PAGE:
Mayor-President Josh Guillory's proposed budget for spending $85.5 million in federal COVID recovery money includes 70 road and bridge projects, public safety improvements, drainage improvements and what he has termed "competitive investments" that include improvements to downtown Lafayette, recreation centers and a downtown parking garage.
Lafayette Consolidated Government is expected to receive $85.5 million as part of the U.S. Treasury Department's Coronavirus State and Local Fiscal Recovery Funds, established by the American Rescue Plan Act of 2021.
The city of Lafayette was awarded $38.25 million and the parish $47.46 million. They have received half the money. The remainder is expected in June of 2022.
With needs in the city of Lafayette exceeding $38.25 million, Guillory plans to spend $6 million of the parish's $47.46 million on joint city-parish projects and $7.3 million in parish relief funds on projects specific to the city of Lafayette.
In presenting the proposal to the City and Parish Councils on Tuesday, Guillory said projects in the relief fund budget are part of a comprehensive plan that includes other projects in the regular budget, five-year capital budget and bonds program. Some projects council members and stakeholders requested that are not in the regular budget are in the ARPA relief plan.
Council members, who were presented Tuesday with the ARPA budget and Guillory's proposed 2021-22 budget, voted to introduce an ordinance approving the relief plan, but instead of returning to the council for final adoption in the usual two weeks, the ordinance will be on the Aug. 17 council agendas.
City Councilmen Glenn Lazard and Pat Lewis were scheduled to host a town hall meeting at 6 p.m. Wednesday at the Clifton Chenier Center auditorium to explain the uses allowed for the federal relief money and take citizens' suggestions for how the money should be spent.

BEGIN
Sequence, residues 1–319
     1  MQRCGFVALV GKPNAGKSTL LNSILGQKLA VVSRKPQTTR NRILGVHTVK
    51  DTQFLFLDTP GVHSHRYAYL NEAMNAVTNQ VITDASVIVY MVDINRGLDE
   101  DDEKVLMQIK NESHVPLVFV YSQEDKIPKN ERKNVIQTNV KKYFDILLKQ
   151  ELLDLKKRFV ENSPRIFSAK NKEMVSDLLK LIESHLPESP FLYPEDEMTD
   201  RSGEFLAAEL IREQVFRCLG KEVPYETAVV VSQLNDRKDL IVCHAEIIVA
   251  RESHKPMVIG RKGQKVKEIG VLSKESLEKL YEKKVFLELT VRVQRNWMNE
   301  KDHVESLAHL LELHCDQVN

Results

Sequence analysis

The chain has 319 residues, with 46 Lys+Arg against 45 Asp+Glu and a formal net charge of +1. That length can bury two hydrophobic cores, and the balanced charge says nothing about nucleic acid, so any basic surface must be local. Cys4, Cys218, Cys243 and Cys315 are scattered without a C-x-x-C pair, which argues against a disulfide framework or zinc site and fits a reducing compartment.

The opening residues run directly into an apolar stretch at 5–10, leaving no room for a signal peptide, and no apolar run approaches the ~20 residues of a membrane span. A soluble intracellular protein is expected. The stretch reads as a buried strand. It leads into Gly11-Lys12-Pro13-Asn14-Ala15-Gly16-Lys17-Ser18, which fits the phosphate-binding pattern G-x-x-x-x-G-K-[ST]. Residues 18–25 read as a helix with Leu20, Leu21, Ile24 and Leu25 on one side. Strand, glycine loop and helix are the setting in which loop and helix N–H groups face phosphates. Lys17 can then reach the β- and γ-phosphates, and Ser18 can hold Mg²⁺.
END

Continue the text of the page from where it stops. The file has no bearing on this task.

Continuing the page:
More than $19 million is earmarked for downtown Lafayette, $12.5 million of it to improve downtown drainage, the most expensive project in the relief budget. Downtown Lafayette has been plagued with poor drainage that, in recent years, not only floods streets but businesses, as well.
Some of the other downtown projects in the relief budget are $2.5 million for lighting, $2 million for park repairs and improvements, $1.5 million for sidewalks, $1.6 million for the Buchanan Street parking garage, $500,000 to redesign the triangle at Jefferson and Lee where a confederate statue stood for 99 years until it was removed by the city July 17.
Guillory's plan is to spend $22.6 million of the relief funds on drainage, $28.3 million on roads and bridges, $14.6 million on public safety and $20.1 million on competitive investments/quality of life.
Some of the proposed projects in the parish are $2.8 million for seven tanker trucks for volunteer fire departments; $2 million for juvenile detention center improvements; $1.2 million for a mobile command bus for the sheriff's office that will be used by other law enforcement; $750,000 to buy land on Willow Street for a new parish jail; and $300,000 for fire hydrants in unincorporated areas.
City of Lafayette projects include $5.2 million for citywide drainage; $2 million for city recreation center improvements; $2 million to repair the MLK, O.J. Mouton and Girard Park swimming pools; $2 million for Canberra and Tolson bridge repairs or replacement; $1 million for a right turn lane on Kaliste Saloom Road at Ambassador Caffery Parkway; $250,000 for senior center improvements; and $105,390 to replace revenue the Lafayette Science Museum lost because of the pandemic closures.